And this lesson does not even use the word doucement, which might have indicated that Kwiziq perferred that word.

Searching on the web provides thousands of instances of "conduire prudemment" with the meaning of carefully.

David

Kwiziq community member

15 July 2018

15/07/18

Pardon the typo. Document should have been doucement.

Alan

Kwiziq community member

16 July 2018

16/07/18

I guess you missed the hint below the question:

HINT: doucement = carefully

David

Kwiziq community member

16 July 2018

16/07/18

Ok. It is hard to get back to see it since that must be 100 quizzes ago but if it is there I must have missed it so I apologize.

It would be so nice if one could get the question and answer displayed on the same screen as one is composig the post to the discussion.

Ann

Kwiziq community member

7 July 2018

1 reply

Can one say plus proche de quelqu'un as well as plus près?

Cécile

Kwiziq language super star

8 July 2018

8/07/18

Hi Ann,

It depends what you mean - 

Normally 'près' expresses a physical proximity (in space) whereas 'proche' is used more to express  an emotional, mental closeness.

"On peut être près de quelqu'un sans en être proche!" (You can be near to someone without being close!)

You can say 'plus près de'  if you are comparing two things and it will be followed by 'que'. e.g.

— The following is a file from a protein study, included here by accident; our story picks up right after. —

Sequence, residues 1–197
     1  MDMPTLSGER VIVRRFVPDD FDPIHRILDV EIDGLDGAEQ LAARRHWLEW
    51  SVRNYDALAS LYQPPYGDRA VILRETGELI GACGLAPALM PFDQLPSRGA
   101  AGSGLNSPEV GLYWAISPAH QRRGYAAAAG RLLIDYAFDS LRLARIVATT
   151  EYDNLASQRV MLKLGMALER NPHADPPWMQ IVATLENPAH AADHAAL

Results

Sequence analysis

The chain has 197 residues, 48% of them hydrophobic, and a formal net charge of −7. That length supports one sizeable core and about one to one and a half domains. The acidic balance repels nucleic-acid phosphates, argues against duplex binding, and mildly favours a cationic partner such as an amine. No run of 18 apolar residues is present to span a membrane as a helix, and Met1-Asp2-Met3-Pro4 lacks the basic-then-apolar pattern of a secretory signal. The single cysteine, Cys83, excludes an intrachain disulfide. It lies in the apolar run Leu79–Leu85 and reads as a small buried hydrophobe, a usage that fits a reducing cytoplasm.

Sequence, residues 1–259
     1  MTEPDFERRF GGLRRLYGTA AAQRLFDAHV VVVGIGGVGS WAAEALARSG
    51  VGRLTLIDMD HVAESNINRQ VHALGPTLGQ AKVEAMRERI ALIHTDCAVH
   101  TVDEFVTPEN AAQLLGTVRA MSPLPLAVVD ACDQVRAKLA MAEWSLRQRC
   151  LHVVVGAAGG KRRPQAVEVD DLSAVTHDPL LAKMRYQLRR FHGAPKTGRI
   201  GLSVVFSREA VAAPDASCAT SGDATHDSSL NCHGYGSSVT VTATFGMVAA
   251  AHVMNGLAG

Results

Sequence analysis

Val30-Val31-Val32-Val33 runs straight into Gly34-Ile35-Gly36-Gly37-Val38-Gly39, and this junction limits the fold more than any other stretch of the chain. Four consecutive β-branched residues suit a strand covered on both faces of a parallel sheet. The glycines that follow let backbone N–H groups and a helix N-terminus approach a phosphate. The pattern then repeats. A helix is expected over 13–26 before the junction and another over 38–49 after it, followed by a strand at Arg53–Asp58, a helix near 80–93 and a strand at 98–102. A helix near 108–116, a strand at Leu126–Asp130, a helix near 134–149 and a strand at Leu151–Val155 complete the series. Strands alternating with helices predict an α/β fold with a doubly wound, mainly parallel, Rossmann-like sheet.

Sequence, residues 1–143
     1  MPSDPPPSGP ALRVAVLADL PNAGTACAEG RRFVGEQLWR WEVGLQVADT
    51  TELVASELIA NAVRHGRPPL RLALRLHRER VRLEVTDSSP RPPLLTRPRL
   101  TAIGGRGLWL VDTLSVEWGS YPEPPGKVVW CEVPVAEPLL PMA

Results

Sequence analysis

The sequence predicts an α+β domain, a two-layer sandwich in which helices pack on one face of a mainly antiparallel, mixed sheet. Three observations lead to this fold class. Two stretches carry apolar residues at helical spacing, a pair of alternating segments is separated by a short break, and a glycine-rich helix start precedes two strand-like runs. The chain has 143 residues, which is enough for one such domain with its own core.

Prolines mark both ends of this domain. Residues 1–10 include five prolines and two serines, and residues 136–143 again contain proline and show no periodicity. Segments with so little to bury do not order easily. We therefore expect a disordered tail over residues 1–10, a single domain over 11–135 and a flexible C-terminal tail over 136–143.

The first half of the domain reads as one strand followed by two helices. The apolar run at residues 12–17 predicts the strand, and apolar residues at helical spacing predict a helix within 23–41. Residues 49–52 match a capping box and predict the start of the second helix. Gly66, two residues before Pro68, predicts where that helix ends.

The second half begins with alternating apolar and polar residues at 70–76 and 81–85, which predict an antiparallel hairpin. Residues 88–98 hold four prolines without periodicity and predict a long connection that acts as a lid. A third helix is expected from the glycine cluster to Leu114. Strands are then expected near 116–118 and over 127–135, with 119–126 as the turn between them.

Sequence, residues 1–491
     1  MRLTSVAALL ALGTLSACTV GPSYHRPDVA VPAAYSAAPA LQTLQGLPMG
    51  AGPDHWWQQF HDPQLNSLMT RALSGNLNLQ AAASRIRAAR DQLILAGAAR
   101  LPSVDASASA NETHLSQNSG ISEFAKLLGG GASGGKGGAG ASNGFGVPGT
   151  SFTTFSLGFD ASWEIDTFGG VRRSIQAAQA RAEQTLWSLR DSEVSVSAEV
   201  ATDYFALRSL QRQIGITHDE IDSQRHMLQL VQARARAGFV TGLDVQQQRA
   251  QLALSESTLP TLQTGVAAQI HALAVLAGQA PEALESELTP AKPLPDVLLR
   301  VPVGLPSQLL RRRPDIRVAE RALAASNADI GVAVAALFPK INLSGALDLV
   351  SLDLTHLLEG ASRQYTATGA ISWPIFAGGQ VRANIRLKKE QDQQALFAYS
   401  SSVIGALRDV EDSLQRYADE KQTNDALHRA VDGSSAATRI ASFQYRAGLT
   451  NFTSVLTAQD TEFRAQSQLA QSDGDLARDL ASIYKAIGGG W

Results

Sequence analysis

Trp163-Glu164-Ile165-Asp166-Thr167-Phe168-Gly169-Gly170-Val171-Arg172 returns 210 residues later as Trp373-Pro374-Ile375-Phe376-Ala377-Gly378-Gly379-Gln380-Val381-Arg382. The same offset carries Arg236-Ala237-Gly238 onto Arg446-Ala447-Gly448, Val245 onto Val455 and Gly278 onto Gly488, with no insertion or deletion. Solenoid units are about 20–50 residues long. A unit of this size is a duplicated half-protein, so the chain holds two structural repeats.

Versailles est plus près de Paris que de Nantes.

or using  'plus proche de':

"Je suis plus proche de son frère que de lui" = "I am closer to his brother than to him."

Hope this helps!

Neil

Kwiziq community member

2 January 2018

3 replies

what happened to the 2 question quizzes?? I don't fet them anymore on new topics....

Jim

Kwiziq community member

3 January 2018

3/01/18

I've visited the page referred to in your question and there is a single test question at the very end of the lesson. Others have made a similar observation and again I couldn't see a problem which leads me to think that it might be to do with the device that you are using. I'm using a PC running Windows 10 and the lessons with mini test questions appear every time.

Rowen

Kwiziq language super star

3 January 2018

3/01/18

Hi Neil, the micro kwizzes have been removed in places - I'm sorry it came as a bit of a surprise that they aren't there as before - they've been taken off wherever the lessons are viewed from within the context of a study list. The rationale behind this is to encourage kwizzing against study lists for a more individually tailored and effective learning process. We are updating these with a view to re-integrating the kwik kwizzes asap, but want to modify them first for more effective results. If you have any questions about this, do send us an email and I'll be happy to explain in more detail.

Gruff

Kwiziq language super star

16 February 2018

16/02/18

You'll be pleased to know micro kwizzes have been restored. You can read more here:

https://kwiziq.learnfrenchwithalexa.com/blog/micro-kwizzes-back/